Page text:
Party (PPP) representatives who sat on the parliamentary select committee
were under clear instruction from their exiled leader, Benazir Bhutto, to
give their support to the ruling Pakistan Muslim League (PML) in its efforts
to amend the Hudood laws.

Even though the Women\'s Protection Bill had clear majority support to pass
in the parliament, the Bill was scuttled due to the MMA\'s threat to resign
en masse, thus massively destabilising Pakistan\'s already restive MMA-ruled
western provinces, if the Bill was passed.

The MMA threat split the ruling PML. The reformists in the PML wanted to
press ahead with reform, while the conservatives, led by PML president
Chaudhry Shujaat Hussain asserted that it would be political suicide for the
PML to alienate its MMA partners and their Islamist constituents before the
2007 elections.

In early September the government moved to appease the Islamists by
appointing an extra-parliamentary committee that included four MPs from the
MMA as well as Islamic religious scholars to review the Bill and recommend a
compromise.

The BBC reports that the extra-parliamentary committee determined "that rape
should fall under both religious and secular law. It introduced a new, very
broadly defined, category of \'lewdness\' into the penal code, and reinstated
a clause giving the Hudood Ordinances pre-eminence over any law with which
they might come into conflict." (Link 3)

On Monday 11 September the government announced that it was accepting three
of the conservatives\' demands, including one keeping rape under the Islamic
law, although it will also be a crime under the penal code. The Muttahida
Qaumi Movement (MQM) rejected the amendments outright. Sources told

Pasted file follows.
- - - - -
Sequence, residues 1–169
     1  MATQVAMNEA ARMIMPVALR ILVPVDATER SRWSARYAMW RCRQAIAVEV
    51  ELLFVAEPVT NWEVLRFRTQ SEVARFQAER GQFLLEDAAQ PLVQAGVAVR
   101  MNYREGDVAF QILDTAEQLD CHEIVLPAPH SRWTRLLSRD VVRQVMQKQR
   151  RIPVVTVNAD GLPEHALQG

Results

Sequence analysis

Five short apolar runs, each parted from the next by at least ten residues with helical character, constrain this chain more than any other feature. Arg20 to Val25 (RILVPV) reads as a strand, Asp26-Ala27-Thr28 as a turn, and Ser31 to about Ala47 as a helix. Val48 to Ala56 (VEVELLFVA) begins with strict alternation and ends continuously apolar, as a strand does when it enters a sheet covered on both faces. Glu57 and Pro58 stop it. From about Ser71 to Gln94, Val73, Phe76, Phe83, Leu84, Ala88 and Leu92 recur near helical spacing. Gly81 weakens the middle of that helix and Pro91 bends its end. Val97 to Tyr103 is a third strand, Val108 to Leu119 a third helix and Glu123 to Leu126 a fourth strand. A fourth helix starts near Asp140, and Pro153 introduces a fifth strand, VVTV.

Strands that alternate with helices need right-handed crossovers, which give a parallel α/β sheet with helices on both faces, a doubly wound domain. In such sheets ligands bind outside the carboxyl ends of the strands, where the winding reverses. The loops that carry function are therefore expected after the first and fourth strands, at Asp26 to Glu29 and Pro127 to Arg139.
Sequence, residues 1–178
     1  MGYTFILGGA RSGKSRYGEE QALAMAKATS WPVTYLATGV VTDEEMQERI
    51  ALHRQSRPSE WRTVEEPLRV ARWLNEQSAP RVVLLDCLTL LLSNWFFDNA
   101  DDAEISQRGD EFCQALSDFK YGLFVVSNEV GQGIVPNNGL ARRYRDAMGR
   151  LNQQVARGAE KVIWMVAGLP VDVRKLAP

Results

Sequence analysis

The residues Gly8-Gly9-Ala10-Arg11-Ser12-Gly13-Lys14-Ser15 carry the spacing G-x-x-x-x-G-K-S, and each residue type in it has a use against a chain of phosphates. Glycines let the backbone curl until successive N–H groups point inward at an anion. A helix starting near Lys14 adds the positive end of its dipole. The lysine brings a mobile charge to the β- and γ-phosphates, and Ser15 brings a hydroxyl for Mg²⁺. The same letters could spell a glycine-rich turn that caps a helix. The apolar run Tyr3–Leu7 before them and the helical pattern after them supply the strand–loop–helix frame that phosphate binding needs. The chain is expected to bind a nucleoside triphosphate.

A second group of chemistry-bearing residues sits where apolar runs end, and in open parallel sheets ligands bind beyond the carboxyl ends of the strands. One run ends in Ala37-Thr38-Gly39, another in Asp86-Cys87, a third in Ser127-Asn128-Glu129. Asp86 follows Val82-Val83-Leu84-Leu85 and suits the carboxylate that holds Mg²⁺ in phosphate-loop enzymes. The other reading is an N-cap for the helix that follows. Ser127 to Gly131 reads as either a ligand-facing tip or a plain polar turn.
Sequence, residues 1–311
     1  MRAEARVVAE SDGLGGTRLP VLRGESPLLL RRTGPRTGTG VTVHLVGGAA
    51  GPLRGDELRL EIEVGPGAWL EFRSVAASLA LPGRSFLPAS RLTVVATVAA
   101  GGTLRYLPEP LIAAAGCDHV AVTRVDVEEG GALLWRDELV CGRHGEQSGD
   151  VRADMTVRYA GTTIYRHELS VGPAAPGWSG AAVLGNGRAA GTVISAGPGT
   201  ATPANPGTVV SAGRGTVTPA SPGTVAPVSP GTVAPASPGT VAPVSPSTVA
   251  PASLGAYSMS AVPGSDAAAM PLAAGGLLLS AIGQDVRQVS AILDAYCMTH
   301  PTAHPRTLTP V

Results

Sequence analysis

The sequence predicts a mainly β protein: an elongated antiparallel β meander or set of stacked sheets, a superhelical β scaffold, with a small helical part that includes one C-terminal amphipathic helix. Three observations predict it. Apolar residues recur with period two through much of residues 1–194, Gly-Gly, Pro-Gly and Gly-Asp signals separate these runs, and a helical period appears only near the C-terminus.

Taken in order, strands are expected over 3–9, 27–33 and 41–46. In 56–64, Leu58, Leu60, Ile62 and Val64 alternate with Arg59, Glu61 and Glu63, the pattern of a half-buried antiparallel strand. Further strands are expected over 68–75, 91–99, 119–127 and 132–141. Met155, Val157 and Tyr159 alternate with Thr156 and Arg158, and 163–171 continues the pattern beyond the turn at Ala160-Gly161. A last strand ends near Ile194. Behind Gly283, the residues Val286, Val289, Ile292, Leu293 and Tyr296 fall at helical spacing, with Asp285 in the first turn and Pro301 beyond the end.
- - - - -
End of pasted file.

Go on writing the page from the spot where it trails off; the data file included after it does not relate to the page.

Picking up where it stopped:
Pakistan\'s English-language newspaper "Dawn", "The PML, riven by internal
disputes, preferred an awkward embrace with the MMA to a brief handshake
with the PPP." An MP who wished to remain anonymous bemoaned the back-down
saying, "And what have we gained by allowing the MMA to water down the
amendments to the Hudood laws? The PPP is up in arms. Our touchy coalition
partner, Muttahida Qaumi Movement, is on the warpath. And human rights
organisations are pouring scorn on us.\'" (Link 4)

The government - at least its reformist faction - bolstered by MQM and PPP
support, have vowed to reintroduce the Women\'s Protection Bill to the
parliament for the fourth time, in its original form - the form hailed by
NGOs and human rights groups - when President Musharraf returns from his
visit to the USA.

Meanwhile, Alt.Muslim reports that on Wednesday 23 August (2 days after the
Bill was tabled in parliament) militants on a motorbike ambushed
Manzoor-ul-Hassan as he left his office, and shot him through the mouth
leaving him critically wounded. Manzoor-ul-Hassan is the editor of "Ishra",
the monthly magazine of a leading Pakistani think-tank, Al-Mawrid Research
Institute, which advocates equity, fairness and gender equality in
Pakistan\'s Islamic Laws. (Link 5)

Sharia is never rolled back without bloodshed. This is the reality in
Pakistan. This is a warning for the West.

Elizabeth Kendal
rl-research@crossnet.org.au

Links

1) Hudood Bill Stirs Debate in Pakistan
by Umer Farooq, IOL Correspondent
http://www.islamonline.net/English/News/2006-08/24/05.shtml

2) Protest against lawmakers
By Mujahid Ali, 25 August 2006
http://www.gulfnews.com/world/Pakistan/10062550.html

3) How Pakistan\'s rape reform ran aground
By Barbara Plett, BBC News, Islamabad,15 Sept 2006
http://news.bbc.co.uk/2/hi/south_asia/5346968.stm

4) What made PML turn to MMA: MQM rejects changes in Hudood laws
http://www.dawn.com/2006/09/13/top1.htm

5) Shooting A Shaykh In The Mouth
By Ali Eteraz, 25 August 2006
http://www.altmuslim.com/perm.php?id=1769_0_25_0_C